3 years ago

Consequences of Participant Inattention with an Application to Carbon Taxes for Meat Products

Despite widespread use in nonmarket valuation, data quality remains an ongoing challenge for survey methods. One key concern is whether participants attentively respond to survey questions or whether they exert less than full effort. To determine the prevalence and consequences of inattention bias in surveys, we estimate how meat demand varies across people who do and do not miss trap questions. Using a split-sample design with discrete choice experiments for meat products, we explore three different trap questions to determine how many potentially inattentive respondents are identified by each method. We find that individuals who miss trap questions respond differently to the choice experiment than individuals who correctly answer the trap question. Inattention generates vastly different compensating variation estimates of a carbon tax, ranging from 3.56 cents per meal choice for the least attentive to 6.13 cents per meal choice for the most attentive.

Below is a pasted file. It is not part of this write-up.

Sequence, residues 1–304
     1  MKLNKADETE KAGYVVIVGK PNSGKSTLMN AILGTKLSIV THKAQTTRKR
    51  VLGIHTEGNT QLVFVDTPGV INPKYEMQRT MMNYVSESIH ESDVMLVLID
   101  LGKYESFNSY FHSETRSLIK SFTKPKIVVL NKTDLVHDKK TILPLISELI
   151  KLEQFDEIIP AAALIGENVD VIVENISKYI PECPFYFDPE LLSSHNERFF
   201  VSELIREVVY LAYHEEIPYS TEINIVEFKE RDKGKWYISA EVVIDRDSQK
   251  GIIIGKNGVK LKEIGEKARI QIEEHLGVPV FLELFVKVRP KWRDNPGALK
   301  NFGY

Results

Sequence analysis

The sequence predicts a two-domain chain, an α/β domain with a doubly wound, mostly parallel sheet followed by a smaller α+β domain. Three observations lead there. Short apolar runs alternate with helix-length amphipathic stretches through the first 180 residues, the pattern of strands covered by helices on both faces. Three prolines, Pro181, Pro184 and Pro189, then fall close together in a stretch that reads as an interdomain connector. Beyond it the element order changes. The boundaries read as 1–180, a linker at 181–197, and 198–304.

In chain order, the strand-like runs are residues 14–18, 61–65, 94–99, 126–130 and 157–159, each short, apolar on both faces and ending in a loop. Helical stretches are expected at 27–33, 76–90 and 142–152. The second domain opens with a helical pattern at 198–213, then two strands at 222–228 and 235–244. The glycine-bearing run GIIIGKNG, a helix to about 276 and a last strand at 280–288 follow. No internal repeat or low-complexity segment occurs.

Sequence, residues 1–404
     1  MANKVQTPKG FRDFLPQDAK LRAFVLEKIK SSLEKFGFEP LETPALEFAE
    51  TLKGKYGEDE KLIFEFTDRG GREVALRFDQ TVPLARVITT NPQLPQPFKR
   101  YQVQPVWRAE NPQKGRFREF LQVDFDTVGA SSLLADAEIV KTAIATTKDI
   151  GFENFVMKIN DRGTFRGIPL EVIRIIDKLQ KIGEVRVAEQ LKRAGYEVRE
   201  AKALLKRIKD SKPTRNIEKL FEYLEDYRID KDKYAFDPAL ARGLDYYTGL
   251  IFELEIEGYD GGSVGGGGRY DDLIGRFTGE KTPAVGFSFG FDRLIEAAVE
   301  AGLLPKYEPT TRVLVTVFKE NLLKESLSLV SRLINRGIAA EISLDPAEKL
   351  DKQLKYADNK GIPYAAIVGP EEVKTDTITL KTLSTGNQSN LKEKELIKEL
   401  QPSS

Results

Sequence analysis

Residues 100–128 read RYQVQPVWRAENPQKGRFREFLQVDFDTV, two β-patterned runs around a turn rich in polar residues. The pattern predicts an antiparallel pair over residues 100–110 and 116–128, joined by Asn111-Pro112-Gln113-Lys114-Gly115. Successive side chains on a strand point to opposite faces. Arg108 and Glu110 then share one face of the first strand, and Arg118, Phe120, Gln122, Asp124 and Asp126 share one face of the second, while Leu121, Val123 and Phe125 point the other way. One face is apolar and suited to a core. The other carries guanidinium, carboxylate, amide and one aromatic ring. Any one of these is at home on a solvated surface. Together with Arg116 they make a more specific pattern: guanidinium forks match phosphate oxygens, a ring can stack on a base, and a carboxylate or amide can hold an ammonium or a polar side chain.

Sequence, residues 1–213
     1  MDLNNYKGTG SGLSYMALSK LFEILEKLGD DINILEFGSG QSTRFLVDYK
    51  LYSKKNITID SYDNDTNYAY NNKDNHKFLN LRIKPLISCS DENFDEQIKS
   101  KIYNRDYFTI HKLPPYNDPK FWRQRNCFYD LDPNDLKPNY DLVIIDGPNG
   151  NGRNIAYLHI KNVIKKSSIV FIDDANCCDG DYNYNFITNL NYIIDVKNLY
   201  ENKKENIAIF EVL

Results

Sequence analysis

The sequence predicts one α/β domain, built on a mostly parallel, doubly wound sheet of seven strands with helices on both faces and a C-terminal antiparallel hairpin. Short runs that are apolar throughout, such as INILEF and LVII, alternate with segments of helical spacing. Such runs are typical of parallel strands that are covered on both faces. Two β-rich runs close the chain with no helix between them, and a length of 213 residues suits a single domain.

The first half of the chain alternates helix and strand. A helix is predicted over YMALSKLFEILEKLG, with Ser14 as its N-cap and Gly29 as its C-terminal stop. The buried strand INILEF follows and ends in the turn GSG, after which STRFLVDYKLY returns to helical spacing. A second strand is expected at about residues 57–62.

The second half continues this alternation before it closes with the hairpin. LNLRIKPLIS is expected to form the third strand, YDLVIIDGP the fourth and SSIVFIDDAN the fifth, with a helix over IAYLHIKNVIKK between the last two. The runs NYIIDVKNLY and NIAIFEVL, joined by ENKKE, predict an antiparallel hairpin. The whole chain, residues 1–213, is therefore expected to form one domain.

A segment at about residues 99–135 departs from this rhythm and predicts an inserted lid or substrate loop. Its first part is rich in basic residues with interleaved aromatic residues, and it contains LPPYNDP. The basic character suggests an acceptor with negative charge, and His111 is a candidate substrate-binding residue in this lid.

Publisher URL: www.sciencedirect.com/science

DOI: S0921800916313374

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